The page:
The heroine of Jennifer Weiner’s latest big summer read, Big Summer, is a plus-size Instagram influencer who accepts a surprising invitation: her erstwhile friend, Drue, would like Daphne to be her maid of honor, despite a falling-out six years prior (a Cape Cod mansion and a coterie of single men await). Here, Ms. Weiner explains her love-hate relationship with Instagram.
"A Story is a Story"
By Jennifer Weiner
There were social media platforms that I embraced as soon as they emerged; places that felt immediately like great fits.
Instagram was not among them.
I understood Facebook—it’s for making connections. I get Twitter—it’s words, and I’m a word person; and it prizes brevity and wit and it lets me live-tweet The Bachelor. But Instagram? Instagram is pictures, I would say. And I’m not a picture person.
I didn’t want to do it. I also didn’t really have a choice. So, back in 2015, I opened an account. Over the years, I’ve been able to see the good, the bad, and even the criminal, all of which became inspiration for my new novel Big Summer, and to my own life on Instagram.
The good first. If you type the hashtag #bodypositivity or #plussizefitness or #lovemycurves or #effyourbeautystandards into the search bar, you will be rewarded with, as Daphne, the heroine of Big Summer puts it, “articles. Blogs. Twitter feeds with handles like @YourFatFriend and @PlusSizeFeminist. Health at Every Size websites. Body positive Instagram accounts. Outfit-of-the-day Snapchats that featured girls with their wobbly thighs and belly rolls on display. All the parts I’d tried to hide, out there in the open. Big girls, some my size, some smaller, some larger, in bathing suits and lingerie, in yoga poses, on cruise ships and beaches and in Sports Illustrated’s Swimsuit Issue.”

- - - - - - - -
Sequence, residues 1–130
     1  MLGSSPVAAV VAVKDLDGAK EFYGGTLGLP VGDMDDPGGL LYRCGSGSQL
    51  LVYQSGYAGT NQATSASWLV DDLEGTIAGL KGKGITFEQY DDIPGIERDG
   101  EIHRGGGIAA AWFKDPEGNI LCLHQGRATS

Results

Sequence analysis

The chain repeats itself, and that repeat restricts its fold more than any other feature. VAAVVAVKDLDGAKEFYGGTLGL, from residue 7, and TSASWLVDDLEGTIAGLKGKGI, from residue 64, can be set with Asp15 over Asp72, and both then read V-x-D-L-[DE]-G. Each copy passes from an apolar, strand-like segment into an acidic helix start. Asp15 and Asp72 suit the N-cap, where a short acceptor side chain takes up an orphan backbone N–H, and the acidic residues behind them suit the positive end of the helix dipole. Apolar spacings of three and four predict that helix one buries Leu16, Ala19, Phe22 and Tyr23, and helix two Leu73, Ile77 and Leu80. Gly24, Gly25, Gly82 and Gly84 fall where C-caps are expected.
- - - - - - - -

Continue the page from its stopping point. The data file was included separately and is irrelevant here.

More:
It’s a marvel. And it’s not something that I had growing up. In those dark days, there was very little representation of plus-size women, and what there was fell into a handful of categories. There were the before pictures in before-and-after diet testimonials, or in fiction, where a fat ugly duckling would be required, through the devices of plot and diets that only existed in fiction, to lose a hundred pounds before landing Prince Charming. There was the sassy best friend. There was the walking sight gag (I still cringe every time I think of the plus-size actress in Scream who dies a horrible death because her butt’s too big to allow her to squeeze underneath a descending garage door). Mostly, women my size were just invisible, erased, hidden, tucked behind grand pianos or convenient boulders, like Carnie Wilson in every Wilson Phillips video.
The idea that girls and women today can feast at this banquet of representation, can see all of those possibilities and absorb them, not just as theoreticals but as lived truths… that matters. It matters a lot. It matters because the part of the brain that processes visual information is much older and more powerful than the part that deals with logic and hypothesis. Telling a teenager in 1986, You will have a happy life, you will fall in love, you will be successful is a lot different than showing a teenager in 2020 images of women her size doing those things. I love that those images exist, and I loved writing about a young woman discovering her confidence and self-esteem and launching herself as a plus-size fashion influencer.